Optimizing FRET-FLIM Labeling Conditions to Detect Nuclear Protein Interactions at Native Expression Levels in Living Arabidopsis Roots
Gadella, Theodorus W. J.
KAUST DepartmentBiological and Environmental Science and Engineering (BESE) Division
Center for Desert Agriculture
Permanent link to this recordhttp://hdl.handle.net/10754/627904
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AbstractProtein complex formation has been extensively studied using Förster resonance energy transfer (FRET) measured by Fluorescence Lifetime Imaging Microscopy (FLIM). However, implementing this technology to detect protein interactions in living multicellular organism at single-cell resolution and under native condition is still difficult to achieve. Here we describe the optimization of the labeling conditions to detect FRET-FLIM in living plants. This study exemplifies optimization procedure involving the identification of the optimal position for the labels either at the N or C terminal region and the selection of the bright and suitable, fluorescent proteins as donor and acceptor labels for the FRET study. With an effective optimization strategy, we were able to detect the interaction between the stem cell regulators SHORT-ROOT and SCARECROW at endogenous expression levels in the root pole of living Arabidopsis embryos and developing lateral roots by FRET-FLIM. Using this approach we show that the spatial profile of interaction between two transcription factors can be highly modulated in reoccurring and structurally resembling organs, thus providing new information on the dynamic redistribution of nuclear protein complex configurations in different developmental stages. In principle, our optimization procedure for transcription factor complexes is applicable to any biological system.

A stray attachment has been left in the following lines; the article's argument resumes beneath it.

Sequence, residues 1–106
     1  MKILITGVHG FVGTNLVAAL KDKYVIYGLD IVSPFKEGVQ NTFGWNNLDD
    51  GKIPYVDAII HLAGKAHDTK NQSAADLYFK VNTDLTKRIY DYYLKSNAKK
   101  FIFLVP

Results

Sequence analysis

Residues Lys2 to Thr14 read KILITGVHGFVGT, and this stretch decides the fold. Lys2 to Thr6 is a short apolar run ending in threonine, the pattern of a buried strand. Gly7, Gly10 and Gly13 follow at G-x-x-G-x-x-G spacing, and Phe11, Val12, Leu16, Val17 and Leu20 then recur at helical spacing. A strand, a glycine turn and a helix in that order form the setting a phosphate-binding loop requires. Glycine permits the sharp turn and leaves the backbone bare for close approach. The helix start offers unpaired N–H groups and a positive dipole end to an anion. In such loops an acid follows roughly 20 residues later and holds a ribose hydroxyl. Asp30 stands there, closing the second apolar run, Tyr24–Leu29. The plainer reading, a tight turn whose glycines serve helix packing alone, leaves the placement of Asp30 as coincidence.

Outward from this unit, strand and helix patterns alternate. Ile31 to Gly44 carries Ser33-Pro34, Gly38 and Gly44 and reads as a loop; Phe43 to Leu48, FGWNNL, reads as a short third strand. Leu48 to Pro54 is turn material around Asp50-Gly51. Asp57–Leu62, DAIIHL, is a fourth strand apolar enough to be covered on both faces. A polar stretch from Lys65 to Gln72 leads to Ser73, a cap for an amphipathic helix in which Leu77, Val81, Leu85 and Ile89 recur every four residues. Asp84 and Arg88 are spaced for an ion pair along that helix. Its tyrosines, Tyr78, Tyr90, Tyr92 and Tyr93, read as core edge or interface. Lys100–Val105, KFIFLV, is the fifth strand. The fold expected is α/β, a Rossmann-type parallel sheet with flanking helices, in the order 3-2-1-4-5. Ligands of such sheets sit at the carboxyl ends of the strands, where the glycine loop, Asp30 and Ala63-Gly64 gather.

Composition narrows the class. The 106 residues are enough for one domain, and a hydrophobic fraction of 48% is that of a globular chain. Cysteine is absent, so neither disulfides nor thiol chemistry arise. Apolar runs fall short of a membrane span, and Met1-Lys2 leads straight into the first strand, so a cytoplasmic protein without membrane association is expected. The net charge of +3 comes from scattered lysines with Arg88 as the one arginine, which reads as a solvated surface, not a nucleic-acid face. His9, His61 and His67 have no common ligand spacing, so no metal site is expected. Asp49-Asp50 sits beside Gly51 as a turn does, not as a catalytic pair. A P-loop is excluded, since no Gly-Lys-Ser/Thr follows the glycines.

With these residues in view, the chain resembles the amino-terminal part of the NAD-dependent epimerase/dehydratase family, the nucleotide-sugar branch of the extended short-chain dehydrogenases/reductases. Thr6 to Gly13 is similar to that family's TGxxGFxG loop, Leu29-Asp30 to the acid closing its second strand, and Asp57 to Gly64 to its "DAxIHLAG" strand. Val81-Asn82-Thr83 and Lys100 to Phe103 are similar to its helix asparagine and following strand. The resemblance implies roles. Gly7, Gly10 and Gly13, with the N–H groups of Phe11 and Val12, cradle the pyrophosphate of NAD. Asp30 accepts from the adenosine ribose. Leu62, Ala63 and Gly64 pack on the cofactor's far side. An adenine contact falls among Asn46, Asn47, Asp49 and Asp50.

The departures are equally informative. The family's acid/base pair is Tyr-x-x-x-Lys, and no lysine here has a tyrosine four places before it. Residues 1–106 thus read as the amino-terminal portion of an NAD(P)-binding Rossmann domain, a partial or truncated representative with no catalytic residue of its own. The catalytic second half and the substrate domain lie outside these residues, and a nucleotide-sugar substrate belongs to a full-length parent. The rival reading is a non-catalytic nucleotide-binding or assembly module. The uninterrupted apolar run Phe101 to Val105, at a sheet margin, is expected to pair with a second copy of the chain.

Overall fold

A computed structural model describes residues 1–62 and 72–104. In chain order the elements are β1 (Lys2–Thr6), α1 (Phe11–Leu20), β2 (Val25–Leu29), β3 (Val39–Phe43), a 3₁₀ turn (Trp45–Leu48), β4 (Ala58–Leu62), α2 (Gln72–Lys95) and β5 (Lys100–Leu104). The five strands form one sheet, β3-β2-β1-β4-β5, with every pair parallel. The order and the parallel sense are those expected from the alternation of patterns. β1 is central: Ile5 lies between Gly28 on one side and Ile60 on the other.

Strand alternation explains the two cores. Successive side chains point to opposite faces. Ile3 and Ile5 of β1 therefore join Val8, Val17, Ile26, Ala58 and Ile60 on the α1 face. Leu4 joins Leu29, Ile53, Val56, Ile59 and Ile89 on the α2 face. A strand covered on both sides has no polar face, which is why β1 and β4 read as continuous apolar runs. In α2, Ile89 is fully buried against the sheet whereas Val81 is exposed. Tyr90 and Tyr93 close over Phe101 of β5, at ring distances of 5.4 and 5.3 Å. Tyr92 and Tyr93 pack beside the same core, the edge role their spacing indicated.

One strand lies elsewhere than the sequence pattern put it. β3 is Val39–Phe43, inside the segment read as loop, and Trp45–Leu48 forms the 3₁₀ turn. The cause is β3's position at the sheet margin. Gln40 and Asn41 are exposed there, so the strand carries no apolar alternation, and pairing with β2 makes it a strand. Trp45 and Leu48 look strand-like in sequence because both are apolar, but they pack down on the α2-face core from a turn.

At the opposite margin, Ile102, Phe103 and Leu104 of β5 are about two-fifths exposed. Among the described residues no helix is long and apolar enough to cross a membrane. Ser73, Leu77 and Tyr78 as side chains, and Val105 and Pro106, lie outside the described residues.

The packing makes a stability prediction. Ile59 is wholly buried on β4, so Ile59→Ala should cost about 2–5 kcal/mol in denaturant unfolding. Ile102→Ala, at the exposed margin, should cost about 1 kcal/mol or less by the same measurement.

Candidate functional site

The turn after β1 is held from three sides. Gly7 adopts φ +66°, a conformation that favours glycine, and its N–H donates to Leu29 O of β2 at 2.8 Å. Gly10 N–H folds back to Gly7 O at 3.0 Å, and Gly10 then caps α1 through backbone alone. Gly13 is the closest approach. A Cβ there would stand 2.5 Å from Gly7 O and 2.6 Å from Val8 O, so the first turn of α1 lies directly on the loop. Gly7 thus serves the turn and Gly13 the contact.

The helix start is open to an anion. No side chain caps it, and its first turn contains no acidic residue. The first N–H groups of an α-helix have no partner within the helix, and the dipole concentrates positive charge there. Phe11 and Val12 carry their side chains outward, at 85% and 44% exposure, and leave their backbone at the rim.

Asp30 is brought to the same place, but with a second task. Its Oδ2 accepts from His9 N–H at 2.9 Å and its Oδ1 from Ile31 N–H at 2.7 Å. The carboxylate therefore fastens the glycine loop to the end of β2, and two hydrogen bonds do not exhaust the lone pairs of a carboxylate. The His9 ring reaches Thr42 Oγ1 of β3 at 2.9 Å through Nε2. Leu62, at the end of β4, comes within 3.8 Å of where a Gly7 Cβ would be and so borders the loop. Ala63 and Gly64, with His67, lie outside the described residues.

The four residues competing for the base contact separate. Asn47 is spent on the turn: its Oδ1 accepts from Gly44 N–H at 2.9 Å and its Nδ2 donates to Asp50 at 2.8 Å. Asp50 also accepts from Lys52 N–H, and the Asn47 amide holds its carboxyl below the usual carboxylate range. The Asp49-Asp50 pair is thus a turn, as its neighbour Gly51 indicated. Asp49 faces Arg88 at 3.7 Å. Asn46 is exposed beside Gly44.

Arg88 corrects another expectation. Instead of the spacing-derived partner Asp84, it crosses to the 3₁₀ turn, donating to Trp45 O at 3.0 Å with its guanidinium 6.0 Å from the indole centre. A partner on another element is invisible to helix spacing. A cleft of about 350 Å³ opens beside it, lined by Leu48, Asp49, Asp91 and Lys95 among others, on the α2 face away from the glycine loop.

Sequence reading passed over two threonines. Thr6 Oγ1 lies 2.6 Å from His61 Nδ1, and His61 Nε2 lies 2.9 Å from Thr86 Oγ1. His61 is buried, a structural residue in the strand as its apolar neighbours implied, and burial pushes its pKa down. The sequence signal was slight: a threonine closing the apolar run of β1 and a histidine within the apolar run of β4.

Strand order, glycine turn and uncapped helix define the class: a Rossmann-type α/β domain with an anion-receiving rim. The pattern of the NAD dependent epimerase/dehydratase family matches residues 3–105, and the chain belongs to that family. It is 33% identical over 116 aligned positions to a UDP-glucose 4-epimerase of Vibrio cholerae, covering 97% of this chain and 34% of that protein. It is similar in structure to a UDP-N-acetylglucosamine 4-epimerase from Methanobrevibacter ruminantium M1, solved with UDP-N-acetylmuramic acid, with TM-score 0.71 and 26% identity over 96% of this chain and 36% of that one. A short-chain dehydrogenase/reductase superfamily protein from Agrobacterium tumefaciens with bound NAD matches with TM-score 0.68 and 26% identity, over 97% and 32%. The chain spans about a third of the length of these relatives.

CitationLong Y, Stahl Y, Weidtkamp-Peters S, Smet W, Du Y, et al. (2018) Optimizing FRET-FLIM Labeling Conditions to Detect Nuclear Protein Interactions at Native Expression Levels in Living Arabidopsis Roots. Frontiers in Plant Science 9. Available: http://dx.doi.org/10.3389/fpls.2018.00639.
SponsorsThe authors are grateful to Prof Anna Akhmanova for providing mammalian cell line and lab facilities to conduct transfections in Hela cells and to Prof Rudiguer Simon for critical reading of the manuscript.
PublisherFrontiers Media SA
JournalFrontiers in Plant Science